2.2. Projects to address the most important needs

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2 2 1 necesidades2.2.1. Medical care needs

Once the acute emergency phase has passed, the continued treatment and rehabilitation of patients remains a key priority. This requires full access to health services. However, a return to pre-disaster levels of medical care at health facilities is often seriously hampered as health facilities find their operational capacity affected by the impact of the disaster on infrastructure and essential services.

The rehabilitation of health care facilities is a priority in the post-emergency phase, but often runs into problems because of limited availability of funds. Fortunately, however, Jamaica’s Bellevue Hospital in Jamaica was able to secure funding to repair the damage caused by Hurricane Dean. The Ministry of Health and PAHO/WHO implemented a project to address the following priority areas (including the mental health facility)


  • Structural rehabilitation of health care facilities, including primary care facilities.
  • Basic equipment for diagnosis and treatment.
  • Restoration of the normal operation of water, power, laundry, and communications services.
  • Drugs and essential supplies.


2.2.2. Disease surveillance needs.

In many emergencies, particularly when an earthquake or flood occurs, a good deal of laboratory equipment is destroyed or rendered unusable. Damage to laboratories has a serious impact on epidemiological and environmental surveillance, since they depend on basic tests to diagnose diseases or monitor bacteriological water pollution, among other things. The priorities for rehabilitation assistance include:


  • Restoration of basic operations in public health laboratories.
  • Inputs for preventing and controlling diseases that have the potential to become epidemics.

 Read more about the importance of laboratories in disaster situations.

2.2.3 Assistance to the population in temporary shelters:

To the extent possible, efforts are needed enable the population that has been located in temporary settlements to return to normal activities as soon as possible. However, there are often problems and limitations—particularly as regards housing.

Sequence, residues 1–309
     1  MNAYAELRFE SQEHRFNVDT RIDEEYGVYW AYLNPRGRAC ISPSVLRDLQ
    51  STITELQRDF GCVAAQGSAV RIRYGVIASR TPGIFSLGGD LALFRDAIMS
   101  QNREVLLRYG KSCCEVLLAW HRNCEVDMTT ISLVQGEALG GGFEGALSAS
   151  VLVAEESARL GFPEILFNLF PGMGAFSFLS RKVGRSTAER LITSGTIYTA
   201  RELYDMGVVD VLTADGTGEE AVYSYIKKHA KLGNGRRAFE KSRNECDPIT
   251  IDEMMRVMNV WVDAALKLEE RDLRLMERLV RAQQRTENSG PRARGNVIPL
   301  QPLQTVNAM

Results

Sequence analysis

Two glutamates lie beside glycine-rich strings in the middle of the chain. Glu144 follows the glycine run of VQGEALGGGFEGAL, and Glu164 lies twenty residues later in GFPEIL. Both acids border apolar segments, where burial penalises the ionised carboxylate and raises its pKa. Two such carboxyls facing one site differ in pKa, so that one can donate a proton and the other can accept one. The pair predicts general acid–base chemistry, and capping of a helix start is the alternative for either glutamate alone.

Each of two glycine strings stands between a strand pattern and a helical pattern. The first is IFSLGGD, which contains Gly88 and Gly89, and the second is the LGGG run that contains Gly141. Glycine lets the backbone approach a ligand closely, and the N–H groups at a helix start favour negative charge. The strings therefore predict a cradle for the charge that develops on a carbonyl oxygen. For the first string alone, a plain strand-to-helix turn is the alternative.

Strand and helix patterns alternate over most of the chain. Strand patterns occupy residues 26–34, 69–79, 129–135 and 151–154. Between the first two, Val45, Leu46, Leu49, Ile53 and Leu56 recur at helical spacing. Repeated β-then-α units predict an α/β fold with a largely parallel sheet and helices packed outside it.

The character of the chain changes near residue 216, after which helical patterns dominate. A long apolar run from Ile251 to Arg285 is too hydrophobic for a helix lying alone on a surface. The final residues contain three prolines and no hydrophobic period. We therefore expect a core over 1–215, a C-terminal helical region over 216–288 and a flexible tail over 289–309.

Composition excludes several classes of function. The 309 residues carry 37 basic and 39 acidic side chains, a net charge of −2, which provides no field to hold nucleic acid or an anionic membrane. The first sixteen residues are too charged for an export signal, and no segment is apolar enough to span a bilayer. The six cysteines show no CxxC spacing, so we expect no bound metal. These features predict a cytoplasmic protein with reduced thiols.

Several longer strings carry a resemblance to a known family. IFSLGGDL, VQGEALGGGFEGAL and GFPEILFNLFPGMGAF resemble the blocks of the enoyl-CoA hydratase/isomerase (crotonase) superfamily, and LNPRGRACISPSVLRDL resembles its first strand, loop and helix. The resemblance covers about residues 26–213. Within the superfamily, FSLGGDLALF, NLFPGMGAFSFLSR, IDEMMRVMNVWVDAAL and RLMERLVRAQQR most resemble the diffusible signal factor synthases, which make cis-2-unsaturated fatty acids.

The needs of the temporarily displaced population cover a wide gamut that runs from social welfare for orphans to assistance for the most vulnerable groups, including older people, women, and children. The demand for routine medical care increases and mental health and nutritional surveillance must not be neglected. Priorities include”


  • Ensuring that ongoing medical care is available.
  • Monitoring and adequate food supply and proper nutritional levels.
  • Continuing preventive mental health activities.

2.2.4 Environmental health

The failure to take targeted action to improve access to clean water and sanitation after an emergency can contribute to a deterioration of environmental conditions and create health hazards for the population affected by a disaster. Priorities include:


  • Monitoring and control water quality and ensuring there is sufficient sufficient supply of water. 
  • Prioritizing the repair and restoration of supply sources and primary and secondary networks, which require equipment, materials, and experts. 
  • Repairing wastewater and sewage networks in areas at greatest risk. 
  • Providing for disposal or treatment of hospital waste, in light of the potential risk of contamination to the environment.